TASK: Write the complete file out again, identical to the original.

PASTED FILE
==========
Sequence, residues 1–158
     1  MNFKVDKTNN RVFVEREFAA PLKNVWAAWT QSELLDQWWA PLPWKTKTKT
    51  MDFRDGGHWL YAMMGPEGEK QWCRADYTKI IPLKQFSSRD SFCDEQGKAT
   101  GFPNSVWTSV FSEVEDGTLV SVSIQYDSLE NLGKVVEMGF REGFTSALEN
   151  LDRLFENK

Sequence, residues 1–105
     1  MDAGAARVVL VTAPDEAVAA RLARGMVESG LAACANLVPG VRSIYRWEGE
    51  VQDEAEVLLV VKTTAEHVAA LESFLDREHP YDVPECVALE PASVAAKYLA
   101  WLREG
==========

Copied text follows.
Sequence, residues 1–158
     1  MNFKVDKTNN RVFVEREFAA PLKNVWAAWT QSELLDQWWA PLPWKTKTKT
    51  MDFRDGGHWL YAMMGPEGEK QWCRADYTKI IPLKQFSSRD SFCDEQGKAT
   101  GFPNSVWTSV FSEVEDGTLV SVSIQYDSLE NLGKVVEMGF REGFTSALEN
   151  LDRLFENK

Sequence, residues 1–105
     1  MDAGAARVVL VTAPDEAVAA RLARGMVESG LAACANLVPG VRSIYRWEGE
    51  VQDEAEVLLV VKTTAEHVAA LESFLDREHP YDVPECVALE PASVAAKYLA
   101  WLREG